Which came first: the fried chicken or…?

 

 

“What was
the weather like?” That’s the first question co-workers asked about New
York last week (I attended Book Expo America).  Answer: “I wore my coat
every day!”

 

 

Ignoring
the forecast for weeklong 70s, I packed light outerwear that made brisk walking
in that unexpectedly cool, windy spell a pleasure–not that I was merely
traipsing from Point A to Point B.  Most of the time I hauled armloads of
books back to the hotel to stash in my luggage. 
Those
treasures and a 45-pound box of publisher giveaways and advance reader copies
shipped from BEA will furnish prizes for
grownup library customers during the “Mad About Reading” summer reading campaign.    Check our Facebook
page and library homepage for details next week.

 

 

Last
summer, when we held weekly drawings for literary goodies and hosted spontaneous
“Pop-Up Prize” giveaways at the reference desk, we relished seeing customers’
expressions change from puzzled to thrilled as we confirmed: “Take it–it’s yours!”

 

 

BEA called
to mind another rewarding variety of takeaway—candid gems from authors whose
work we cherish.

 

 

The Library
Journal
-sponsored Day of Dialog in the McGraw-Hill building (50th
floor, nice view of the Empire State Building) featured practical discussions:
collection development, formats in transition, etc.  But DoD is most known
for stellar assemblages of authors and publishers, all passionate about their
upcoming releases, their enthusiasm contagious. 
During
presentations–editors’ picks, cookbook trends, women fiction writers, key
contemporary authors—noted panelists offered up choice commentary:

 

 

Lisa
Scottoline
’s zingers broke up the room at frequent intervals.  She
shared a favorite compliment, bestowed by a gentleman who claimed that he never
bought books authored by women:  “You write like a man”.

 

 

Scottoline,
who loves to visit libraries and has done so countless times, confessed, “I’m a
library slut.”

 

 

Lengendary
food writer/restaurant critic Mimi Sheraton, asked what inspired her 1000
Things to Eat Before You Die
,
smiled, “Well, what motivated me was making a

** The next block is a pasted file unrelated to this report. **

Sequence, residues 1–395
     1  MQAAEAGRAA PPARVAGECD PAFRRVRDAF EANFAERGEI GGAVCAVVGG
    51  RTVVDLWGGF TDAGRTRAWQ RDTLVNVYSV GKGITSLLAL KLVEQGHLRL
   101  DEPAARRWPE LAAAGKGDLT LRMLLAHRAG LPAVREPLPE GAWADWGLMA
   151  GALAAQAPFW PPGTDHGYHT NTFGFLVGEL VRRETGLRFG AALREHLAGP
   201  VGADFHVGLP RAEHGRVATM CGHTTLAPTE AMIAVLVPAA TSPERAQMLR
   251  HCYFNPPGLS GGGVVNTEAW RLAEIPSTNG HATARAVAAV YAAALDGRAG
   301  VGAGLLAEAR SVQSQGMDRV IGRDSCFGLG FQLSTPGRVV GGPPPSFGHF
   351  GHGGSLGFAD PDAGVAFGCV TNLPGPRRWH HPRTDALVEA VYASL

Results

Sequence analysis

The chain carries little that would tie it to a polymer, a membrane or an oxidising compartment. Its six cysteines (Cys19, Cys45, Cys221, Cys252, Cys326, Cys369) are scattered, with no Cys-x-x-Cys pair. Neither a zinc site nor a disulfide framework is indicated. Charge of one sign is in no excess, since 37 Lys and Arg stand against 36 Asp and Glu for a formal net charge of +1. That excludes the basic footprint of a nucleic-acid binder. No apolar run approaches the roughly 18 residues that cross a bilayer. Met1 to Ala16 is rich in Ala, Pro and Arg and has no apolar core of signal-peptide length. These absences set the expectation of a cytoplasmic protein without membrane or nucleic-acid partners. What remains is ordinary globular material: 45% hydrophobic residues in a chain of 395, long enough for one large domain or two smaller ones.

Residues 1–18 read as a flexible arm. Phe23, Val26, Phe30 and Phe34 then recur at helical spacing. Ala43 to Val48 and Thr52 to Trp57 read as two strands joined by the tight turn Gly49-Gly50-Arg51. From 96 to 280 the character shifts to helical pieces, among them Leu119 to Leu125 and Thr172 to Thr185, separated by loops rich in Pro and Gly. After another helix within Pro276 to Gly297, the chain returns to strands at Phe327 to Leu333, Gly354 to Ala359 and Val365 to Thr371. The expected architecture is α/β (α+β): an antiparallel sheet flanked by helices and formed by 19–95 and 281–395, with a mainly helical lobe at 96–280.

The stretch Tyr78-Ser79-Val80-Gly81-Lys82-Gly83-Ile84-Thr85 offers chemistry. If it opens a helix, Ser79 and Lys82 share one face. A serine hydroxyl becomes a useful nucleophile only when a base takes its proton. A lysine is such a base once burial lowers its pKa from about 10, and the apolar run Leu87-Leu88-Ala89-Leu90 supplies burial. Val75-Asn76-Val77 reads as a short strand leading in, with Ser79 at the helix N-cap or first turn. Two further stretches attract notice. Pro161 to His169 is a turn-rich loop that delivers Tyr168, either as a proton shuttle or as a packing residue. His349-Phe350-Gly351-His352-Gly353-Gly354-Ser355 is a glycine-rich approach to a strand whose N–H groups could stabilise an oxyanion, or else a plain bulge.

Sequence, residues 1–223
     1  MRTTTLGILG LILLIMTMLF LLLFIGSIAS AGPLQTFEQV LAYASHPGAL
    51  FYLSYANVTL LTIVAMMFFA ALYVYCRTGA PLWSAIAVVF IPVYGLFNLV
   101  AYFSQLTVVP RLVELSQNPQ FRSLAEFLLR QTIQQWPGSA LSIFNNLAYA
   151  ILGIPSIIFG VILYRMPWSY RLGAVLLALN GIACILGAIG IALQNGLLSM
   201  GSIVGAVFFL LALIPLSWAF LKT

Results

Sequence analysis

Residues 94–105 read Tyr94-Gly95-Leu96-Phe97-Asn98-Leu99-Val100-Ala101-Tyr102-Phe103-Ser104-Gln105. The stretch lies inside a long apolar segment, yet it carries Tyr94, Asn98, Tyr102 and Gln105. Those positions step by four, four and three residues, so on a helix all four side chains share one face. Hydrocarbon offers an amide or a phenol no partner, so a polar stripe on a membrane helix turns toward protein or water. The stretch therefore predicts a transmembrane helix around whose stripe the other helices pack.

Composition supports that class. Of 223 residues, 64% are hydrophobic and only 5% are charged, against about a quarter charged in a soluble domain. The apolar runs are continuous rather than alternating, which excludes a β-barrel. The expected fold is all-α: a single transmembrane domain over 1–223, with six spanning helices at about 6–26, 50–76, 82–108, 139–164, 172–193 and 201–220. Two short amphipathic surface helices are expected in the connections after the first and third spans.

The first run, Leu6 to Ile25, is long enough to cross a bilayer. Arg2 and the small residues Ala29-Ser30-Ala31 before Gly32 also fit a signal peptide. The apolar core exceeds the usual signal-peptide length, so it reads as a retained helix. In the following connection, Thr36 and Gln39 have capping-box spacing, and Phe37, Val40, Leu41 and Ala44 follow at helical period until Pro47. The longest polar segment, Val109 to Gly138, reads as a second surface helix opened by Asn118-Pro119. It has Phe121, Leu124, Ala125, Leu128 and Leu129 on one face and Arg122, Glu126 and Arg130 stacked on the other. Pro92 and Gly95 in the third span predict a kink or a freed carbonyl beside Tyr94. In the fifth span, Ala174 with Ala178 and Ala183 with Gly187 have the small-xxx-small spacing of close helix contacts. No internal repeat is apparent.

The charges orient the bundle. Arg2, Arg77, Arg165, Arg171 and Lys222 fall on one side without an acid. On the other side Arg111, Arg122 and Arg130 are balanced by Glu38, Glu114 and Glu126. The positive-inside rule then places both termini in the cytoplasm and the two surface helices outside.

great deal of money.”

 

 

Lee Brian
Schrager, author of Fried and True (an entire cookbook about fried
chicken) corrected the notion that this delicacy is of American, specifically Southern,
origin.  The true birthplace of FC:  Scotland.

 

 

Addressing
the panel’s observation that “women’s fiction” is a label while “men’s fiction”
is not, Sophie Littlefield suggested this alternative:  “Fiction
You Will Like”.

 

 

Marlon
James,
author of A Brief History of Seven Killings, recounted
anecdotes from his university teaching experience and admitted to a fascination
with the 1970s: “I just wanted to put my characters in polyester.”

 

 

Chelsea
Cain
, her injured leg cushioned and propped atop a chair, garnered a roomful of
guffaws by announcing the title of her new thriller:  One Kick.

 

 

Asked
which women authors deserved bigger audiences, the “Women Writing Fiction”
panel recommended these up-and-coming talents:

S.J. Bolton
Victoria
Schwab
Lidia Yuknavitch
Linda Castillo
Karen Witemeyer
Sarah Gran
Sarah
Beth Durst
,
and Stephanie Perkins.  The library has books by everyone on this list.

 

 

Finally,
a memorable revelation not from Day of Dialog but overheard at Javits Center in the massive queue
awaiting an autograph and a moment with Cary Elwes of Princess Bride fame:  “I missed a friend’s
wedding for this!”
 


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